The first thing associated with the Armenian Genocide is the mass killings of innocent people. Add to that the deportations and death marches, and you get a story of national loss that has been forever imprinted in the collective memory of Armenians.
However, there is another side of this story that has been increasingly mentioned over the last years. What happened to the property Armenians left behind, their homes and villages, fields and gardens?
The confiscation of Armenian property began along with the mass killings of the 1890s and reached its peak during the Armenian Genocide between 1915 and 1923, and even carried on in the years of the Republic of Turkey.
The confiscated property has served as the base of the modern Turkish economy. Not a lot of Turkish people have been among craftsmen and traders, high and low social classes in 1915. A number of rich families in modern Turkey possess industrial empires, the roots of which are the Armenian enterprises of the early 20th century.
The deported Armenians have been asked to make a list of their property, which should have guaranteed its preservation in the years of WWI. Instead, approximately 20,000 buildings and more than 1 million acres of agricultural land have been passed to either the local population or those who arrived in historical Armenia from Asia Minor, the Balkans, and the Caucasus.
The implementation of the Kemalist plan of the creation of a unified Turkish government through the assimilation of the state’s Muslim population (Kurds, Bosnians, Circassians, Lazi) was somewhat possible thanks to the property left behind by Armenians.
The discriminatory policy and adverse legal system ensured a legal cover for the seizure, elimination, and distribution of Armenian property in Turkey during and after the Genocide.
Measures have been taken to restore or compensate for what has been lost only in the recent years. The Istanbul Foundation of Hrant Dink is the most active in this regard. The foundation has prepared an in-depth review of Armenian property claims, which have been made since the establishment of the Republic of Turkey.
Another element of the economic consequences of the Genocide is the claims for life insurance policies brought forward by lawyers and the descendants of the survivors of the Genocide in the early 20th century. This question still is under debate from both political and legal standpoints.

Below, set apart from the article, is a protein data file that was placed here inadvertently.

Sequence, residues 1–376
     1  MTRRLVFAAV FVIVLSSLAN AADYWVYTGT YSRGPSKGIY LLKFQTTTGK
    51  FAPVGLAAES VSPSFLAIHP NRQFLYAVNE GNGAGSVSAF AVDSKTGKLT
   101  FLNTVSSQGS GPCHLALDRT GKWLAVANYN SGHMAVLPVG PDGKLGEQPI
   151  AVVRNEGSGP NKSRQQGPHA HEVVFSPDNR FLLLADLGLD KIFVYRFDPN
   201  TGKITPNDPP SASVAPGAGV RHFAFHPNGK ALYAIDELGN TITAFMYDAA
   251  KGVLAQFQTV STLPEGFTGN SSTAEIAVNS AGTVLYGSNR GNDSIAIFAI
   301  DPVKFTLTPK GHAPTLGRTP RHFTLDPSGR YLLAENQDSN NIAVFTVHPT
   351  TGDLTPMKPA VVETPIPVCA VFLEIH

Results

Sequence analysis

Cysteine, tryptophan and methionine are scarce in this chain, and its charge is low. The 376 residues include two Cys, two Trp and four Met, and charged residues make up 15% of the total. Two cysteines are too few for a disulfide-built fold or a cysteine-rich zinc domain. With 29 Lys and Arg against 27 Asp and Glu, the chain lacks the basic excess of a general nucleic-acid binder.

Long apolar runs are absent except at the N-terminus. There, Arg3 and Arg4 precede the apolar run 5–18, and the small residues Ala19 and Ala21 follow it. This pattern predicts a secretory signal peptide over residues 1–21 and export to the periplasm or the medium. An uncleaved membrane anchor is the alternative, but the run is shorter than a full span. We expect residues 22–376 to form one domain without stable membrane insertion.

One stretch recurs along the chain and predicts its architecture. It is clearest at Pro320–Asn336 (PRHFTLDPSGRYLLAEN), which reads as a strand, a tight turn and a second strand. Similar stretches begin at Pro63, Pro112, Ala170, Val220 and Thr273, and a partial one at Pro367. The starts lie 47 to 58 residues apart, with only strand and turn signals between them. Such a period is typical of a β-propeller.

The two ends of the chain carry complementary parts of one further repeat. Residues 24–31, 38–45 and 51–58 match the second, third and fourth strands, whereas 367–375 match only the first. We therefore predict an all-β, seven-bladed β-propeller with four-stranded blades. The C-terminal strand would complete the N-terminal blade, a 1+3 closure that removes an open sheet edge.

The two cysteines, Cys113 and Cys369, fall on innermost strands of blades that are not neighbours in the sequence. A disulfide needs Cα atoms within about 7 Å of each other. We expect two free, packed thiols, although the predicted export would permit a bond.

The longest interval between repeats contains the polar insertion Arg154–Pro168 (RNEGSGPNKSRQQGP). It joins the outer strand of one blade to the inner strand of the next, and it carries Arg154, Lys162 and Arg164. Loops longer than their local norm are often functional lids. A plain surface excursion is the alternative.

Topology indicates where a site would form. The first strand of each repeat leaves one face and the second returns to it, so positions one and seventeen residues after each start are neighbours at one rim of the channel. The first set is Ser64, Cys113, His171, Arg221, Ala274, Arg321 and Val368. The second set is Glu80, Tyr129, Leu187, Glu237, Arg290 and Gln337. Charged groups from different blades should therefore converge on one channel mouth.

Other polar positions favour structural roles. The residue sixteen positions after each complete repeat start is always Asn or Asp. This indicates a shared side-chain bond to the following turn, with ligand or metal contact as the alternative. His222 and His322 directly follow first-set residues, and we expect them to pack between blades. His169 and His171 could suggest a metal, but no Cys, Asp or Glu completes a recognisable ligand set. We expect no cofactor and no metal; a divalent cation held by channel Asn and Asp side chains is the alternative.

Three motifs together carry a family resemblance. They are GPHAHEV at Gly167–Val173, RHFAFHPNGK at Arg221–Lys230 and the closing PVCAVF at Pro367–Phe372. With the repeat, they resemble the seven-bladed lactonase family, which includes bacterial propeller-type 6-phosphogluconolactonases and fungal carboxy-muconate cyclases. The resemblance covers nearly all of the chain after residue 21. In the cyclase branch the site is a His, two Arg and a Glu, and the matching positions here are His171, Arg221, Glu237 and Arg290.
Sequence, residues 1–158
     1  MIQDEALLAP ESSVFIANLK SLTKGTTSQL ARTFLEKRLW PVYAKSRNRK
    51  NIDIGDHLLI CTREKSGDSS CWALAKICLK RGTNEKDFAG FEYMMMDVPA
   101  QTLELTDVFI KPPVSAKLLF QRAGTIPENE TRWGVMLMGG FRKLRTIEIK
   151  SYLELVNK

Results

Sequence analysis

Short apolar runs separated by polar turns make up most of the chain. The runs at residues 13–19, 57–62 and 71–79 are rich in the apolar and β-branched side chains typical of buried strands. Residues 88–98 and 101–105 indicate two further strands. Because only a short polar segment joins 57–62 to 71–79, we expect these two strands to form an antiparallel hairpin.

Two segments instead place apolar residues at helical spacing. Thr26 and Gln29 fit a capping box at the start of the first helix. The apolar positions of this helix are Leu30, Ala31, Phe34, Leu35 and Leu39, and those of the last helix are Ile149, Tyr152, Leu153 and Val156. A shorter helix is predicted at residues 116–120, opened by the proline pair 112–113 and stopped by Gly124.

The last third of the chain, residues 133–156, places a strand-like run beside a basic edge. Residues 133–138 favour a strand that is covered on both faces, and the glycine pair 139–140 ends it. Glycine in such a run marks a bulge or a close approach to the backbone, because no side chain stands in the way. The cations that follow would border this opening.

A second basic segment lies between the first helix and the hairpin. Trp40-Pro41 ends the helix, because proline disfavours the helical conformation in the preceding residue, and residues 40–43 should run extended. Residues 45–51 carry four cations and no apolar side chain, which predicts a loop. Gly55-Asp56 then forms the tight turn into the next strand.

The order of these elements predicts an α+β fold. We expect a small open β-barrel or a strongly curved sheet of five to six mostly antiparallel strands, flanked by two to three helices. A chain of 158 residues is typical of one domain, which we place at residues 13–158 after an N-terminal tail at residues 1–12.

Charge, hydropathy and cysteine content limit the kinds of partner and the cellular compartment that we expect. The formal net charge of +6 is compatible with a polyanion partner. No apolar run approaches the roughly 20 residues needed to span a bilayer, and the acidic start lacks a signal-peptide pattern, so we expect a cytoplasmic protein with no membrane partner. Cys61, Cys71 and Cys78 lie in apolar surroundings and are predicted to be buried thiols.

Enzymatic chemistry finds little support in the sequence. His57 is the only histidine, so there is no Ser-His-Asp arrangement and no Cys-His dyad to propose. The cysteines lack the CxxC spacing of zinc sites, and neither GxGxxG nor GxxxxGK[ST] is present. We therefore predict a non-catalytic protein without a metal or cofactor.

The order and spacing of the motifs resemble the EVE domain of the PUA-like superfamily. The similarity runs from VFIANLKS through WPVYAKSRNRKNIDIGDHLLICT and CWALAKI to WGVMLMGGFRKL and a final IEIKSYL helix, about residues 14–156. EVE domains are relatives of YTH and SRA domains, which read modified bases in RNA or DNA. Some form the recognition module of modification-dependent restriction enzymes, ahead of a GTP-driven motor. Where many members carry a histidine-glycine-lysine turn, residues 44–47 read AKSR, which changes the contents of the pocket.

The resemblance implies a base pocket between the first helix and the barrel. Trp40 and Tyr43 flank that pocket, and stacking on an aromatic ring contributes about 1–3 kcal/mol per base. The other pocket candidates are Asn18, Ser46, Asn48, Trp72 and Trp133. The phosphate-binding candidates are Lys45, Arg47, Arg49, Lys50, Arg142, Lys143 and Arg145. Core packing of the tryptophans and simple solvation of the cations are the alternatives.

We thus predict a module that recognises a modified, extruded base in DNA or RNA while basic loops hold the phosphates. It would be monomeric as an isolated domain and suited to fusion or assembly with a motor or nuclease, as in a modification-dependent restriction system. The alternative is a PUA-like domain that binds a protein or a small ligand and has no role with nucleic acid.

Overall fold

The memoirs of Henry Morgenthau Sr., the American ambassador to the Ottoman Empire during WWI, include a requirement put forward by Talaat Pasha, the leader of the Young Turks as well as one of the organizers of the Genocide, stating that the life insurance policies should be adopted by the government because Ottoman Armenians had been “almost all dead and hadn’t had any descendants to receive compensation.”
References and other sources:
1. Uğur Ümit Üngör, Mehmet Polatel. Confiscation and Destruction: The Young Turk Seizure of Armenian Property. Bloomsbury Academic, 2011
2. Hrant Dink Foundation. 2012 Declaration: The Seized Properties of Armenian Foundations In Istanbul
Hrant Dink Vakfı. 2012 Beyannamesi. İstanbul Ermeni Vakiflarinin El Konan Mülkleri
3. Hrant Dink Foundation. “Forced to Pay Rents in Its Own Property: The Bomonti Mıhitaryan Primary School”, 9 min.
4. The Genocide Education Project. “Prof. Ugur Ungor Discusses Property Confiscation During the Armenian Genocide (April 30, 2012)”, 37 min.
5. Varak Ketsemanian. “The Confiscation of Armenian Properties: An Interview with Ümit Kurt”, The Armenian Weekly, September 23, 2013
6. “Confiscation, Expropriation and Liquidation of Armenian Properties”, Civilnet, May 28, 2014
7. Michael Bobelian. Children of Armenia: A Forgotten Genocide and the Century-long Struggle for Justice. Simon & Schuster, 2012, pp. 207-224, 232-234
8. Gavin Broady. “Supreme Court Won’t Review Calif. Genocide Insurance Law”, Law360, June 10, 2013
9. Wikipedia: “Confiscated Armenian properties in Turkey”